Friday, January 25, 2019

More on Otzi's Diet and His Last Meal

About six months ago, I commented on a recent study of the contents of the stomach of Ötzi, a Stone Age man found in the Austrian Alps in the 1990s.  That study noted that his last meal had been a kind of goat bacon, and I speculated about whether that meal had been specially eaten to fuel him for his mountain trip:
Did Ötzi eat a higher fat meal than normal before setting out, to fuel himself for trekking through the mountains?  The information gleaned about the meal suggests that he brought food with him for his journey, adding to the picture of careful preparation for a mountain journey drawn by his clothing and equipment.  But that preparation for a special trip still doesn't rule out the possibility that his meal might have been typical for a man of his age, occupation, and time.  If so, what does that tell us about Stone Age life?
More recently I found the embedded video above, published in 2016 in celebration of the 25th anniversary of the discovery of Ötzi's remains.  This video suggests that we do have enough information to deduce the answer to this question.  That information indicates that we know the contents of Ötzi's last two meals, and that the meals were not identical to each other.  The first of the two meals had been eaten an estimated 8 hours before his death, and featured chamois goat bacon, while the earlier meal was red deer meat.  Moreover, neither meal consisted of meat alone.  The meats in both meals had been eaten with a combination of roots, fruit, and einkorn grain.  It's worth noting that Ötzi's teeth were worn down in a manner consistent with the habitual eating of coarse grains.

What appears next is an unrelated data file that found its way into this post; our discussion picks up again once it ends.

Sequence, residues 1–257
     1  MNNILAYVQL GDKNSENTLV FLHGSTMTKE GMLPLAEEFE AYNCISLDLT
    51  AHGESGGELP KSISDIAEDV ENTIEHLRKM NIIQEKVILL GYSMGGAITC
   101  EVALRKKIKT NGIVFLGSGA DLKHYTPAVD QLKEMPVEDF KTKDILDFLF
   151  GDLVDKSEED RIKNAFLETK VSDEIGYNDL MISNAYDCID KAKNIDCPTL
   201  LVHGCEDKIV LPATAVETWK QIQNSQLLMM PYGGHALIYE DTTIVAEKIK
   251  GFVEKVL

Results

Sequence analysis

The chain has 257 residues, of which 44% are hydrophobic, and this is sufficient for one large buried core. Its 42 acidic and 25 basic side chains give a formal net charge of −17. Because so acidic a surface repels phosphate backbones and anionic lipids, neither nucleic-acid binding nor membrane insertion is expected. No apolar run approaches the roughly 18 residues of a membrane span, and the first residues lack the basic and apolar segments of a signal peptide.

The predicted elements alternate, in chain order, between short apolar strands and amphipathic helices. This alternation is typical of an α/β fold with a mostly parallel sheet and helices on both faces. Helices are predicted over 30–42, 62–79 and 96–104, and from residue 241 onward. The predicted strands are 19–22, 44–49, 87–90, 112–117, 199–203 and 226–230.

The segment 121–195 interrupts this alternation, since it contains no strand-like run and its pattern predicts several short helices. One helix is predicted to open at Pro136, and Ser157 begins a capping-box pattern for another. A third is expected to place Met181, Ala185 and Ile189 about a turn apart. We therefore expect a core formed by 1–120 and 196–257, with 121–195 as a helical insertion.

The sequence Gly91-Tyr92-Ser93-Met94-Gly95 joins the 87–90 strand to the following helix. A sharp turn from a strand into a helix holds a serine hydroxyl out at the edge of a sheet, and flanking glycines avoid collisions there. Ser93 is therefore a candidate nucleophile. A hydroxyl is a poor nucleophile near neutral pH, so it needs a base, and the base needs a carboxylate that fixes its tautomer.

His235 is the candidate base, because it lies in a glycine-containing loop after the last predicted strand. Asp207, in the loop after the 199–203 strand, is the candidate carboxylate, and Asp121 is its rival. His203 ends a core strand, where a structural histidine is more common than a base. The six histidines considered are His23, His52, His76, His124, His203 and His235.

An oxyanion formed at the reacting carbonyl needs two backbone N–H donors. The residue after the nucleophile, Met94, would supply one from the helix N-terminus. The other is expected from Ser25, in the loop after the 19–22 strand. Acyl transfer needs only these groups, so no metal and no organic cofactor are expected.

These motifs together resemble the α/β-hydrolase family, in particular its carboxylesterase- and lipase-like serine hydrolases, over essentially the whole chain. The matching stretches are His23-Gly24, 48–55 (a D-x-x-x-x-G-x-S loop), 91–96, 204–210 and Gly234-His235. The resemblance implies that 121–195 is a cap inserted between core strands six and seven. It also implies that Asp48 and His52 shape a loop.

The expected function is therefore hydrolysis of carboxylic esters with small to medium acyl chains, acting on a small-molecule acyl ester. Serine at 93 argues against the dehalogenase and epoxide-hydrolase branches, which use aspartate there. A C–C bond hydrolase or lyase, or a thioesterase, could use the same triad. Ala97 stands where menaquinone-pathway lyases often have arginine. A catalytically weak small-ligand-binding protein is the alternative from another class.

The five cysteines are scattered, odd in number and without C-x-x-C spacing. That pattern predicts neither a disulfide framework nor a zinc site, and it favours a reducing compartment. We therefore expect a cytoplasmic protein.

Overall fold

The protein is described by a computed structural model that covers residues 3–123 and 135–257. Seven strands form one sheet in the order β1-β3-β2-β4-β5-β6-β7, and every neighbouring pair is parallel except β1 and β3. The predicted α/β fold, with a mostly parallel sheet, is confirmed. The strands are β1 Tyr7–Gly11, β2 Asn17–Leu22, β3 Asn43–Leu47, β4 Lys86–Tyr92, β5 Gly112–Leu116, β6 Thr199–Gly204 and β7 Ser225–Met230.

How can we tell the meals were consumed at different times?  Because pollen evidence in the corpse shows that they were consumed in different places.  The earlier meal was consumed near domesticated crops, such as wheat or possibly even legumes, while the other meal was consumed in a "mid-altitude conifer forest"--more like what one would have encountered while climbing to higher altitudes.   This suggests that red deer meat was more normal food for Ötzi, while the goat meat meal must have been obtained and prepared while he was traveling into the mountains.  Availability, not health, likely inspired Ötzi's choice of goat for his last meal.

The relevant portion of the video starts at about 2:25.


  1. It's truly amazing that they can get so much information from Ötzi's stomach contents. If the earlier meal were a typical one and deer were a common source of meat for Ötzi's community, I wonder if they had made any attempts to domesticate or semi-domesticate deer.

    1. My understanding is that the information they got is based on pollen grains found in Ötzi's stomach. Getting into whether Ötzi's people might have been working on domesticating deer is probably beyond the information they can glean from his body. However, hopefully other data may lead to an understanding of the deer issue.